When the Kansas City Chiefs host the Baltimore Ravens in Week 14, two of the NFL’s youngest and most exciting quarterbacks will go head-to-head for what could be the first of many important AFC matchups. And even if hindsight proves this isn’t an historic meeting, it should still be fun in the moment.
Chiefs QB Patrick Mahomes (23 years, 83 days) and Ravens QB Lamar Jackson (21 years, 326 days) have a combined age (45 years, 44 days) that is younger than the NFL’s oldest player (Adam Vinatieri, who turns 46 on Dec. 28). But their ages belie their achievements.
In his second NFL season and first year as a starter, Mahomes has Kansas City sitting pretty with a 10–2 record and the AFC’s top seed in the playoffs. As a rookie, Jackson — the 2016 Heisman Trophy winner — has posted a 3–0 record as a starter and has Baltimore in the playoff hunt, with a 7–5 record and the AFC’s second wild-card spot, trailing the Pittsburgh Steelers (7–4–1) by a half-game in the AFC North standings.
The Chiefs and Ravens are tied 4–4 all-time in a series that dates back to 1999. In an odd split stat, Kansas City is 0–3 against Baltimore at home in the usually friendly and crazy confines of Arrowhead Stadium, including an AFC Wild Card loss following the 2010 season. The last time these two teams played, the Chiefs snapped a four-game losing streak against the Ravens, with a 34–14 win at Baltimore in 2015.
Baltimore at Kansas City
Kickoff: Sunday, Dec. 9, at 1 p.m. ET
Spread: Chiefs -6.5
Three Things to Watch
1. Made-for-TV QBs
Mahomes has thrown for more TD passes in 12 games (41) this season than the Ravens have had in their last 32 games (39). The namesake of an MLB pitcher, Mahomes is on pace to join Peyton Manning (55) and Tom Brady (50) as the only QBs to throw 50 TDs in a single season. And while there is a sentimental surge for New Orleans Saints QB Drew Brees to win MVP, the numbers point to Mahomes, who would become the youngest league MVP since a 23-year-old Dan Marino took home the hardware in 1984.
While Mahomes sat for a full season behind Alex Smith last year, Baltimore has been forced to throw Jackson into the fire following a hip injury to Joe Flacco. Since taking over a 4–5 Ravens team following their Week 10 bye, the rookie has posted wins against Cincinnati (24–21), Oakland (34–17) and at Atlanta (26–16). At 7–5, the Jackson-led Ravens are very much back in the playoff hunt.
In three games as a starter, Jackson has struggled through the air, completing 39-of-65 passes (60 percent) for 453 yards, a TD and three INTs, while taking six sacks for 26 lost yards. But on the ground, Action Jackson has been dynamic, with 54 rushes for 265 yards (4.9 ypc) and two TDs. He does have five fumbles; however, he has lost only one.
2. Top scoring offense vs. top scoring defense
In a rare regular-season occurrence, the NFL’s highest scoring offense will clash against the league’s stingiest defense. The Chiefs average 37 points per game; the Ravens allow only 17.8 points. The Chiefs average 437.2 yards per game; the Ravens allow only 281.7 yards. The Chiefs convert 47 percent of third downs; the Ravens allow only a 34 percent success rate. Something’s gotta give on Sunday.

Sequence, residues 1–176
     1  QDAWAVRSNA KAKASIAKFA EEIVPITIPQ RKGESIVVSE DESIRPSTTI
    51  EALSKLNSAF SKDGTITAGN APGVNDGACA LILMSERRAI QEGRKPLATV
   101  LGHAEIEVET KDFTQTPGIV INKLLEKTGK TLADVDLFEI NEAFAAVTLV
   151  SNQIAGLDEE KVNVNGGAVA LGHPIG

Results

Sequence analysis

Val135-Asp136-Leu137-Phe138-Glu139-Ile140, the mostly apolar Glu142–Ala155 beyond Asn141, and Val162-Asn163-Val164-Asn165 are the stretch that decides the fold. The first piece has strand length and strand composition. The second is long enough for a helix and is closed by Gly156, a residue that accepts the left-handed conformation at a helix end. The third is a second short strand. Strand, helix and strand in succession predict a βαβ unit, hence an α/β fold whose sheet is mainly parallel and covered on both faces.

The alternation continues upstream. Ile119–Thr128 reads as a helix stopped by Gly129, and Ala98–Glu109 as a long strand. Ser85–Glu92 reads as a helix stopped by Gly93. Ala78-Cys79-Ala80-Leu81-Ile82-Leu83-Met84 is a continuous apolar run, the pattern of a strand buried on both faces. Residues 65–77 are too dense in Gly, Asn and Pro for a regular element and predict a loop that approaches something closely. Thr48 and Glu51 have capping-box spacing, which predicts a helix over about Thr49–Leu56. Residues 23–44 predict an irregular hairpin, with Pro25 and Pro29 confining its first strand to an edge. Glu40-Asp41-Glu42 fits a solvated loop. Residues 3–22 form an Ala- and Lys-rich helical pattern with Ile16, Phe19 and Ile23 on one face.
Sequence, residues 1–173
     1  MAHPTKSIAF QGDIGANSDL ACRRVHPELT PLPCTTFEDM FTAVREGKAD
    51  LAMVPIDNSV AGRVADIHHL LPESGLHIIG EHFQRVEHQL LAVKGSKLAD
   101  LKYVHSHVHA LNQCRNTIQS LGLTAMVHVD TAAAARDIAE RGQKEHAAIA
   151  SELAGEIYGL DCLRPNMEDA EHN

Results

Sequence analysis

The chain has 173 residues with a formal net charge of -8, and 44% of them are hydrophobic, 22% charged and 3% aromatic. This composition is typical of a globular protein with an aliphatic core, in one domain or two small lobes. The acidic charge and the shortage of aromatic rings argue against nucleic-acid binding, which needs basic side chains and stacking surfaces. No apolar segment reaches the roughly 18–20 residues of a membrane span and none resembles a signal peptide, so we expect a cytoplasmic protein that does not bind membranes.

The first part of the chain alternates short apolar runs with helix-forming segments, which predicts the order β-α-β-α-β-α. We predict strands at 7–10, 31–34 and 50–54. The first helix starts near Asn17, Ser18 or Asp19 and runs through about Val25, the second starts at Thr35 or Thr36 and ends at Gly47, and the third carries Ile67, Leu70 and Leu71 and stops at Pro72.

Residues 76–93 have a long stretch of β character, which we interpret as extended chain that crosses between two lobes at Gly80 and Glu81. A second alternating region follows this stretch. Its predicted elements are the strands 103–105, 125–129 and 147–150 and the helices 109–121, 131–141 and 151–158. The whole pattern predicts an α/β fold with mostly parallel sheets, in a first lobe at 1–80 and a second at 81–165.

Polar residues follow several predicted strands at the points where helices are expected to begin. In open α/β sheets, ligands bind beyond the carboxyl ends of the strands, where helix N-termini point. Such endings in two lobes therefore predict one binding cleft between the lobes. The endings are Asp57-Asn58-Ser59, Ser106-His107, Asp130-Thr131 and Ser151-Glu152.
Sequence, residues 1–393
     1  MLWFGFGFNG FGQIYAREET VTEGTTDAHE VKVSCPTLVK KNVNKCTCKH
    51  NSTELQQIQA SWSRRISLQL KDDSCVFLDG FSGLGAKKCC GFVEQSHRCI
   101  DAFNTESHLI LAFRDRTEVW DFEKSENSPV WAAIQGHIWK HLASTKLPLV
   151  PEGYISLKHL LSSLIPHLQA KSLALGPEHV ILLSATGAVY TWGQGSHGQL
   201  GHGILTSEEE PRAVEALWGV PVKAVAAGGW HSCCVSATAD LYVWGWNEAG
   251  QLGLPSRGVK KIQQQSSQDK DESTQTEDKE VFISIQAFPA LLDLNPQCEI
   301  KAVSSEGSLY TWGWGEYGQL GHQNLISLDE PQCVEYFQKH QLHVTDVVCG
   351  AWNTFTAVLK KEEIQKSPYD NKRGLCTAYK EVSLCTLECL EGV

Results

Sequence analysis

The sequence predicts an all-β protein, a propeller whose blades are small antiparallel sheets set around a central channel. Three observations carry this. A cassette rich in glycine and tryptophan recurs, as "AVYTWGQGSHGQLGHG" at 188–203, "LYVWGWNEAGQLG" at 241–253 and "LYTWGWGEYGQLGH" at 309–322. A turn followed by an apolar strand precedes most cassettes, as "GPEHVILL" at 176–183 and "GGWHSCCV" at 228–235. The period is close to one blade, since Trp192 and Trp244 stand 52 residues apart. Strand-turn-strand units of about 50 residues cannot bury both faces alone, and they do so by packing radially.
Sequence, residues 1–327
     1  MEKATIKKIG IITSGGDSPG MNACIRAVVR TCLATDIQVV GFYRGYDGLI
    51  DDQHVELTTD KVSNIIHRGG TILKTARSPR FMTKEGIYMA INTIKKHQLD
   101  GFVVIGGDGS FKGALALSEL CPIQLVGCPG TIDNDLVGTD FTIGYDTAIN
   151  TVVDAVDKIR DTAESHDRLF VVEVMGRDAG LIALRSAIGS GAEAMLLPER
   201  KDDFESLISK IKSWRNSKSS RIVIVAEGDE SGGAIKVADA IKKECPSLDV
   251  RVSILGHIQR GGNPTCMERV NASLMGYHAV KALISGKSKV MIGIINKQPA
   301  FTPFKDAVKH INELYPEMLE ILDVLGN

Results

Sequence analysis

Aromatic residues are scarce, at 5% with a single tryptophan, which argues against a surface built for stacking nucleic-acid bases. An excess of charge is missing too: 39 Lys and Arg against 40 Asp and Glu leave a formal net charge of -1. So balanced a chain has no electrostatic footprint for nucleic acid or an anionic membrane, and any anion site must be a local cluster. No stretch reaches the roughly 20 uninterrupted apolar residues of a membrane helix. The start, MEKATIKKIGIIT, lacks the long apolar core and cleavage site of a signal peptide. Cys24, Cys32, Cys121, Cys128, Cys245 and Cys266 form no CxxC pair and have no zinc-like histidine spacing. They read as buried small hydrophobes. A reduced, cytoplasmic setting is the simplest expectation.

Last week, Baltimore’s defense was especially vicious. In a 26–16 win at Atlanta, the Ravens held 2016 MVP Matt Ryan to a career-low 131 passing yards, while stuffing the Falcons' run game for just 34 yards on 15 carries (2.3 ypc). Atlanta’s lone TD came in garbage time late in the fourth quarter when the game had all but been decided. Baltimore also scored a defensive TD for the second straight week, although forcing turnovers has been an issue — the Ravens have only nine forced turnovers this year, ranking 30th leaguewide.
3. Running game
In a shocking move, Kansas City cut ties with 2017 NFL rushing champ Kareem Hunt, following an accumulation of off-field events punctuated by the release of a TMZ video showing Hunt assault a young woman in February. Without Hunt for the first time this season, the Chiefs had 174 rushing yards against the lowly Raiders. KC shared the load between Mahomes (52 yards), Spencer Ware (47, TD), Damien Williams (38) and Tyreek Hill (37). It will be interesting to see how Chiefs head coach Andy Reid adjusts this week against a superior Ravens defense.
Meanwhile, Baltimore has been running roughshod since Jackson took over. In three games with the dynamic dual-threat QB, the Ravens have 716 rushing yards — the most over a three-game span since the Seattle Seahawks were in Beast Mode back in 2012. Over that same three-game stretch, Baltimore has averaged 37:20 time of possession. In the second half last week, the Falcons only had the ball for a total of 13 plays and 5:55 off the clock.
The Chiefs have the No. 22-ranked run defense (122 ypg) and the best way to stop Mahomes is to make him a spectator on the sidelines, so expect Ravens head coach John Harbaugh to play a game of keep-away, if possible. The bad news for Baltimore? Mahomes and Co. are a quick-strike offense that ranks No. 26 in time of possession (29:21). It’s the quality, not quantity, of Kansas City’s possessions that is so impressive.
Both teams will be tested in ways they have not been to date. Kansas City will see just how potent its offense is without Kareem Hunt against a top-flight defense (sorry, Raiders), while Lamar Jackson will have his first test against a truly rabid fan base on the road (sorry, Atlanta). This could be the start of a new QB rivalry in the AFC. Either way, Patrick Mahomes and Jackson should put on a show worthy of Sunday Ticket, with explosive plays and playoff implications abound.